Suspiria (1977)

It’s nearly Halloween so I thought I’d take a mind trip through some classic 70s Italian Horror.  I’ve seen another Dario Argento film, Profondo Rosso/Deep Red, which had David Hemmings (Barbarella, Blow Up) in it.

Suspiria came highly recommended.  A friend from grad school recommended it to me a few years ago and I have just now gotten around to watching it.  What can I say: I’m slow.

Was it worth the wait?  Well, let’s see….

I’ve never quite experienced a film like Suspiria.  I say this because the sound track, by the group Goblin, is so pronounced that it invades your mind and heightens your senses because you are so annoyed by the grating cacophony of sound that it’s hard to not be tense while you’re watching the film.  In this way, the film was very interactive–your brain could not escape the sound unless you completely turned it off.

As far as the story itself goes, it was an interesting concept:  a ballet school with a coven of witches at its center.  But I wasn’t frightened out of my seat by the turn of events or the plotline.  The viewer never really knows why young Suzy Bannion is drugged with wine (and is left all alone in the last few scenes while all the other girls are in town)–the only explanation here is to contrive a situation where Suzy explores the school and finds the secret den of witches.  A little too forced, and not overly organic in terms of letting things fall into place in a more believable fashion.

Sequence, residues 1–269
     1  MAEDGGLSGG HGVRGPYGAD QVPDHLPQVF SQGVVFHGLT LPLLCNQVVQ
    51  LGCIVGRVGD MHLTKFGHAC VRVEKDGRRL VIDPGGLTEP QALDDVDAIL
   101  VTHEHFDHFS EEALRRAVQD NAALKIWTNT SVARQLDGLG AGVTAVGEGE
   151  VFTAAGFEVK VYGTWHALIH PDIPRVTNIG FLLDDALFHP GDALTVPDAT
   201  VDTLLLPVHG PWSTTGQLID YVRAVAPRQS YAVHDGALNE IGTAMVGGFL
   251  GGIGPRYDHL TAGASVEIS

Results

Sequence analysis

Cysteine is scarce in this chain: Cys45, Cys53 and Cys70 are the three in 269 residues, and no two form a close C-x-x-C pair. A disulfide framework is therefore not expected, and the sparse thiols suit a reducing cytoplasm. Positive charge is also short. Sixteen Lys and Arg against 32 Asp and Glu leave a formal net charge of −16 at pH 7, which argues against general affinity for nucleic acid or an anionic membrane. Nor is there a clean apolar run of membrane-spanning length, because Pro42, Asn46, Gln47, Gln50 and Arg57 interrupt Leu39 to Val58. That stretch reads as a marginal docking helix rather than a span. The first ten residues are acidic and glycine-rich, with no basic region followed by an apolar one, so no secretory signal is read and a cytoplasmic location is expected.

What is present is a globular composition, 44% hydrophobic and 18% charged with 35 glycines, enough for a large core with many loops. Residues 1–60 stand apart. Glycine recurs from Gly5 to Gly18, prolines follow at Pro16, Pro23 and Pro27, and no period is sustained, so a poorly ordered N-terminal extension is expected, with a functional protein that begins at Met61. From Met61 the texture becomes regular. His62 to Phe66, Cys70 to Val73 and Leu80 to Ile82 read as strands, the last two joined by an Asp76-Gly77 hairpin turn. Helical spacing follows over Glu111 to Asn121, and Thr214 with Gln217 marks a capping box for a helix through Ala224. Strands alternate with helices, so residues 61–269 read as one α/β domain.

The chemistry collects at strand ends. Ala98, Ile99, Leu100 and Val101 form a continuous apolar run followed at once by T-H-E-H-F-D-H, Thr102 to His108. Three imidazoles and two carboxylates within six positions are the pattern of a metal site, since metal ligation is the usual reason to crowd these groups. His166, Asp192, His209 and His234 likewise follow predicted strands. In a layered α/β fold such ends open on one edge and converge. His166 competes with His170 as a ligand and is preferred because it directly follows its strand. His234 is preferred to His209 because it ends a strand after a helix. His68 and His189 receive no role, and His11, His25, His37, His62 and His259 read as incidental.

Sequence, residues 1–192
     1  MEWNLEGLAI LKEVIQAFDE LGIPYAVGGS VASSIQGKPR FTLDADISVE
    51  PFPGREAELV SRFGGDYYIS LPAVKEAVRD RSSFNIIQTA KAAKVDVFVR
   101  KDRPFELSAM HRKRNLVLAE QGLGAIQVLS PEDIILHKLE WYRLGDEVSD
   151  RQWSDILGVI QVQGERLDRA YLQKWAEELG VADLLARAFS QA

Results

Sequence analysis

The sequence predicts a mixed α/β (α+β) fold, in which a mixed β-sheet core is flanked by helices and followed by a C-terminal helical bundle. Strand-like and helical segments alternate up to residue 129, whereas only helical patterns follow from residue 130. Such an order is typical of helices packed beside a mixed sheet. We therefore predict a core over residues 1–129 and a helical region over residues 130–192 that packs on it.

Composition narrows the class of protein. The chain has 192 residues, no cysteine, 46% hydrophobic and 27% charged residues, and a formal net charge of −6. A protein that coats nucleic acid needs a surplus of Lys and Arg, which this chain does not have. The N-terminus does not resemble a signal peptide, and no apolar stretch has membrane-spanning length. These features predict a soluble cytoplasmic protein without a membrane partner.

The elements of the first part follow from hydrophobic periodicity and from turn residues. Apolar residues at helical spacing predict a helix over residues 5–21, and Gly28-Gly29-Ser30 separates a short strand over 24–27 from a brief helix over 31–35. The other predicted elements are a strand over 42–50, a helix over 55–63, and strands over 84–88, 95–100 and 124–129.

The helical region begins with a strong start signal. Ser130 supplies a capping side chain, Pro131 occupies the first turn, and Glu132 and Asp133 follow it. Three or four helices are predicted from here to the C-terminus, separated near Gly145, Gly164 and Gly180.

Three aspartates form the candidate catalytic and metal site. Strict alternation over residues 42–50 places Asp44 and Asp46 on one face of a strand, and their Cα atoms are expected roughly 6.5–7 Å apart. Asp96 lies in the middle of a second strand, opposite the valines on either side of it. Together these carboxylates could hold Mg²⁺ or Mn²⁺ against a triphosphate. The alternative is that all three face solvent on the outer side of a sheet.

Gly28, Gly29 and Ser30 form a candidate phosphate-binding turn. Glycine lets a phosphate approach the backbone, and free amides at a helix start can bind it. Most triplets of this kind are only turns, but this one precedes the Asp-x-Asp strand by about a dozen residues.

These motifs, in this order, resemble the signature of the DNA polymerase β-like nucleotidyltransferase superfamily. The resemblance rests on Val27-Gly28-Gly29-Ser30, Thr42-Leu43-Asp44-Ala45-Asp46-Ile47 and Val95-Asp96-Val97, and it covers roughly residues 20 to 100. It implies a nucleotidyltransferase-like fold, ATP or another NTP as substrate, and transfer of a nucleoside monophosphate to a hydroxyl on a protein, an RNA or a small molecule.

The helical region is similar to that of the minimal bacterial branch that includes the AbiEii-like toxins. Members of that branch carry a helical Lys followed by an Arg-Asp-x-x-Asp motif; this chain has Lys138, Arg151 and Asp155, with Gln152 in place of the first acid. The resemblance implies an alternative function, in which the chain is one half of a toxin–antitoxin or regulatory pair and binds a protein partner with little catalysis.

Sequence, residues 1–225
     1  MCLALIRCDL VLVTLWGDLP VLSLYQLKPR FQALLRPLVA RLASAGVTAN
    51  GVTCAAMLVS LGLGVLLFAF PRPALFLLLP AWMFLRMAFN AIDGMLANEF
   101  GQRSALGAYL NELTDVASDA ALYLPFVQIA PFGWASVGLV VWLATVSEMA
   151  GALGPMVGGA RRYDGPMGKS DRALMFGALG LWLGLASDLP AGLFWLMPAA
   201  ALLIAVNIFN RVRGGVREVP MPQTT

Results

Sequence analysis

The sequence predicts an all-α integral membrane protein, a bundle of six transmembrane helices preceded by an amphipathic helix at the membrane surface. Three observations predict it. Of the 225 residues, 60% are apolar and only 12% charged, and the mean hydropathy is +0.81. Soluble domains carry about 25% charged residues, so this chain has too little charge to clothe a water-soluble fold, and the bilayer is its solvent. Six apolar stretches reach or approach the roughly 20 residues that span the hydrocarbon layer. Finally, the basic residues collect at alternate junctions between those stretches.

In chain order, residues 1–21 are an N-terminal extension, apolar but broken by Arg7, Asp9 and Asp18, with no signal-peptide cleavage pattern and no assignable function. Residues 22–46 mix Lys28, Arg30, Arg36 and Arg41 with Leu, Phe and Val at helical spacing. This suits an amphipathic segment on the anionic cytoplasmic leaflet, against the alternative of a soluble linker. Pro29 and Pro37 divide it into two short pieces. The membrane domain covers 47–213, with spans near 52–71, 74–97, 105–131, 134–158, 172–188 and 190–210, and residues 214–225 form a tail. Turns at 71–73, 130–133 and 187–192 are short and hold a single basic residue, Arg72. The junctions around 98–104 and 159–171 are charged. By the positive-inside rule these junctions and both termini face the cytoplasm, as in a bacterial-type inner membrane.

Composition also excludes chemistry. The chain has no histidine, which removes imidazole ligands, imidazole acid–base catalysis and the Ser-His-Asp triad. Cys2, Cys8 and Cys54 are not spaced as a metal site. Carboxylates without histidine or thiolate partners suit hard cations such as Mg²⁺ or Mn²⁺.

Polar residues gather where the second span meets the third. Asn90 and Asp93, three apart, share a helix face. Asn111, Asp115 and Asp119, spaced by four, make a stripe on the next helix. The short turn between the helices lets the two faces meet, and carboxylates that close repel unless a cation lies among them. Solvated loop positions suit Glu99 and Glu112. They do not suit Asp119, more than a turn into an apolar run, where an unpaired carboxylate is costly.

You also never really know why the other girls were so suspicious of what was going on (therefore leading to their deaths).  You want to think that maybe they recruit new girls to the ballet school so that they can somehow either turn them into witches or sacrifice them, but that doesn’t seem to be the case.  The two girls who die are killed because they know the secret of the witches (or they know there’s something sinister going on), not because they’re being sacrificed or something.

And the male ballet dancers, one in particular–Daniel–seems to be incahoots with the witches, but that is never resolved. 

I can’t say much about the film other than it is dark and typically Italian in terms of Horror.  The plot doesn’t win any awards for creativity in my book–but I’d say that goes for most Italian Horror that I’ve seen.  But the music adds a particularly interesting element to the film.  And the creepyness factor of witches running a school with an ancient ghostly-Greek witch living in the basement is, in itself, inherently unnerving.

One must always be patient with Italian films.  Perhaps upon a second viewing, I will appreciate it more for Argento’s artistry.

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